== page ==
Here are some of the posts that I have enjoyed from other people’s blogs this week:
Nate Martin – Scared of Seminary
Tomorrow marks my first day as a seminary student at the Southeastern Baptist Theological Seminary in Wake Forest, N.C. I am thrilled of course, but I would be lying if I didn’t say I was scared. I am scared because I am about to get exactly what I asked for and it makes me very uncomfortable. Let me explain… CLICK HERE TO READ MORE
J.D. Greear- What David Platt’s IMB Presidency Signals About Our Future:
This morning, the International Mission Board (IMB) trustees announced David Platt as the new IMB President. I have no doubts that he is God’s man, chosen for this task in this hour. Personally, I could not be more thrilled. I think this is a wonderful gift of God to our Convention of churches….CLICK HERE TO READ MORE
Josh Patterson – 4 Leadership Lessons From Nehemiah
Leadership tends to define itself better in person than on a page. In recent decades leadership has vaulted to the forefront of organizational discussion, classroom research and publishing houses across the world. Books on the topic abound. In their work, “Classical Leadership,” Michelle Doyle and Mark Smith write, “What is leadership? It seems to be one of those qualities that you know when you see it, but is difficult to describe. There are almost as many definitions as there are commentators.” CLICK HERE TO READ MORE
Thabiti Anyabwile- Is It “Goodbye Evangelicalism” or “We Evangelicals Join in Your Suffering”?
When James Cone wrote A Black Theology of Liberation in the late 1960s, he was attempting to provide a theological framework for understanding and guiding the feelings and actions of African-American protestors. He wrote in the wake of a deadly riot in Detroit. He felt a burden, a heavy weight to say something meaningful as a Christian. He felt, as many had before him, that if Christianity had no answer for Black people caught in the roiling cauldron of Jim Crow segregation and state-sponsored terrorism then Christianity had no credibility whatsoever. CLICK HERE TO READ MORE
Ronnie Floyd The Prayer Life of A Pastor
Prayer is built on the Word of God. This prevents us from getting out of balance or off into theological error. Sometimes people think those who practice prayer are intellectual midgets or theologically inferior. Great prayer warriors base their praying on God’s Word, the surest truth in this world. CLICK HERE TO READ MORE
We have experienced something very special over the past several weeks here at First Baptist, Metropolis. For nearly two months now God has moved within our congregation in a very special way. Last Sunday night in our deacons meeting we rejoiced in the fact that last month eighteen people joined our fellowship, most of them by baptism. What’s even more exciting is that nearly every week, I am hearing from other Pastors around the country about how God is moving in their congregations. Couple that with the fact that right not across the nation there are two films in the theaters that expressly present the gospel (Son of God and God is not Dead) and it becomes clear that something special is beginning to happen. While it is too early to call it revival, God is clearly up to something and if you pay attention you will see Him moving all around you. With this in mind, I want to encourage everyone who reads this to refocus and rededicate themselves to the work of prayer.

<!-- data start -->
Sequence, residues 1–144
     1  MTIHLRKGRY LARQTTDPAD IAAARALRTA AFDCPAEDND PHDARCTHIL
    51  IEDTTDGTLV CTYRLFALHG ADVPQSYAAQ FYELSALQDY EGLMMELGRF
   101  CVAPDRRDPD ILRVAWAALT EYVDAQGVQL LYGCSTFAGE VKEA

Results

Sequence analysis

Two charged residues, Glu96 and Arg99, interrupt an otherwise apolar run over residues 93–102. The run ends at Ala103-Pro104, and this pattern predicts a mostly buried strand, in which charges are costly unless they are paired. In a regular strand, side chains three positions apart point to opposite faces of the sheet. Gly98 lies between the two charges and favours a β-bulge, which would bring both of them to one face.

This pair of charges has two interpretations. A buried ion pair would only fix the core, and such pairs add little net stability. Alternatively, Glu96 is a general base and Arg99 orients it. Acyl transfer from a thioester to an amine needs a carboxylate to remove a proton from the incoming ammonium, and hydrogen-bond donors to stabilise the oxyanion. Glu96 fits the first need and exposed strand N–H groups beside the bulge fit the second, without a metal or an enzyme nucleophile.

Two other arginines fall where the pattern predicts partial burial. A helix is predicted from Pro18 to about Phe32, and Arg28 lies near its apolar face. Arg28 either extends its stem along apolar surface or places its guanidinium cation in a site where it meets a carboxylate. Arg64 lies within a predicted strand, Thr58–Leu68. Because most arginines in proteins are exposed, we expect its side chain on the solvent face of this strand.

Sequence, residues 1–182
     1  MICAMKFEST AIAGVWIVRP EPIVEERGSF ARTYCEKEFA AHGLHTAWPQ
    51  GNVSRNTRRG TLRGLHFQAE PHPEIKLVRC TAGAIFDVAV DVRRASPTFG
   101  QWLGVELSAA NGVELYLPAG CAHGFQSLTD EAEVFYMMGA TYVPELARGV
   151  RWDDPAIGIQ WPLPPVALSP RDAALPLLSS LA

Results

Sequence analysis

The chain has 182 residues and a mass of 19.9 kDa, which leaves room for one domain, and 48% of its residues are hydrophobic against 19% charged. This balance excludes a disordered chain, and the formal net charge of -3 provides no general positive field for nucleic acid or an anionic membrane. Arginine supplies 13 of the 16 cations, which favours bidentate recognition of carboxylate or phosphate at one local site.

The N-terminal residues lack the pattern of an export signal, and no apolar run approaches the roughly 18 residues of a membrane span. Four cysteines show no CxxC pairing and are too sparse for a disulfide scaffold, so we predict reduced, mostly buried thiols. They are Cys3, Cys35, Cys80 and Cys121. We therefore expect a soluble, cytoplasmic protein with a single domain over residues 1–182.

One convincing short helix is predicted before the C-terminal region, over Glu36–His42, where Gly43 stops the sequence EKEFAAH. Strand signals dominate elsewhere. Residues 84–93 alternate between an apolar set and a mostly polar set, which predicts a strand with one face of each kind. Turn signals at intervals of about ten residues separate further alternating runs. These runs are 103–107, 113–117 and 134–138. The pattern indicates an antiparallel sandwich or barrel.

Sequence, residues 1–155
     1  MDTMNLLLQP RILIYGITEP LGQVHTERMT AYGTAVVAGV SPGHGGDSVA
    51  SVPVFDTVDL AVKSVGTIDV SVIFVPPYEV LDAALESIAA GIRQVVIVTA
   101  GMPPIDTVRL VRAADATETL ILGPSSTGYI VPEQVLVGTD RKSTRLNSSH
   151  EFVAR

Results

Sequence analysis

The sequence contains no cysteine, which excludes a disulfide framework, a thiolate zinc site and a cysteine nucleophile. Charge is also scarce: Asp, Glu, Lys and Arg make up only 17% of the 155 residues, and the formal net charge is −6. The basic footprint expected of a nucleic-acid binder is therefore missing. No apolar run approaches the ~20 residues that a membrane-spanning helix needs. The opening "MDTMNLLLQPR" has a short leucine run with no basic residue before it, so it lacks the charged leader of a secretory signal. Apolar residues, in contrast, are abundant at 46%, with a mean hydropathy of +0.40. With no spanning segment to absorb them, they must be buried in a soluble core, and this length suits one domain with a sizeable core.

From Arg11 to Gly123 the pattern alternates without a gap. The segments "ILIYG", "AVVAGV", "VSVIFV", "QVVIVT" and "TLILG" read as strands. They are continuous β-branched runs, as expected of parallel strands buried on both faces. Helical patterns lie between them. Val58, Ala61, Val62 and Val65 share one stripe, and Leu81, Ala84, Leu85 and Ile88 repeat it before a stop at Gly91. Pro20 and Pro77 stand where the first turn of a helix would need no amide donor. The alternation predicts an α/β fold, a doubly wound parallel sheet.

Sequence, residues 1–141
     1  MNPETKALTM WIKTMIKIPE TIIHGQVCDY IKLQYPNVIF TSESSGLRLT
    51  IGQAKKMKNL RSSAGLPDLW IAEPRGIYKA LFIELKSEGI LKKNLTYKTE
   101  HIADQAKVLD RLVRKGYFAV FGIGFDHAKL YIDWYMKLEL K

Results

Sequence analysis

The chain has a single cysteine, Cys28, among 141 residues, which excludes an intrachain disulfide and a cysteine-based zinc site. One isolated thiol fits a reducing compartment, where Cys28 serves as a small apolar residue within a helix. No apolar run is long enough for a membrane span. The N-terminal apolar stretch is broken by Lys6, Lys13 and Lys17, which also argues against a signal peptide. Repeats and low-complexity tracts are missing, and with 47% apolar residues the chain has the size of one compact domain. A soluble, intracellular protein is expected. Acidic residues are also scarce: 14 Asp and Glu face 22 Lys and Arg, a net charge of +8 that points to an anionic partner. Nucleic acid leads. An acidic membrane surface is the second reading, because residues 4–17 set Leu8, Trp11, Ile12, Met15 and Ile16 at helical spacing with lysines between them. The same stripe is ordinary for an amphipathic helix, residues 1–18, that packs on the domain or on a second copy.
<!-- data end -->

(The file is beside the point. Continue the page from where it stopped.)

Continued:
It is no secret that every revival in the history of the church has begun with people setting aside time to pray and to seek God’s face. We are all familiar with 2 Chronicles 7:14 which says, “If my people who are called by my name humble themselves, and pray and seek my face and turn from their wicked ways, then I will hear from heaven and will forgive their sin and heal their land.” Notice the emphasis here on prayer and repentance. These are the two key elements in every great revival that has occurred in the church. Therefore, over the next couple of weeks, I am going to dedicate this blog space to encouraging and equipping Christians for the work of prayer.
1 Thessalonians 5:16-18 says, “Rejoice always, pray without ceasing, give thanks in all circumstances; for this is the will of God in Christ Jesus for you.” One of the first things that stands out in these verses is that these commands are to be the perpetual activity of Christians. We should always be rejoicing, always praying, and always giving thanks. Many years ago, I had the opportunity to serve with an older Pastor named Tom Darter. One of the interesting characteristics of Tom’s personality was that when he started to pray he would begin with the word “…and.” So if you were sitting down to a meal with Tom he would pray, “…and Father we thank you for this food.” If you asked him to pray for a need he would say, “…and Father I come to you today on behalf of Joe…” If he was praying in the worship service he would say, “…and Father we praise you today for…” He always began his prayers with the word “…and.” One day I worked up the courage to ask Tom why he did this. I will never forget what he said, “Joe, prayer is the continuous work of every Christian. Our prayers do not have a beginning and an end, our lives are just one continuous prayer.” Tom went on to explain that when he prayed he was just continuing an ongoing conversation with God that had begun at the moment of his conversion.
This is what Paul has in mind here when he says “pray without ceasing.” We should be in an ongoing conversation with God that reflects our gratitude, our dependence, and our adoration. Today, as you go through your daily schedule I hope that you will strive to keep up a constant conversation with God. As you go through your day, talk to Him. Praise Him for His goodness and grace. Ask Him for the things you need. Thank Him for the many blessings, even the small ones, that He sends your way. Pray without ceasing.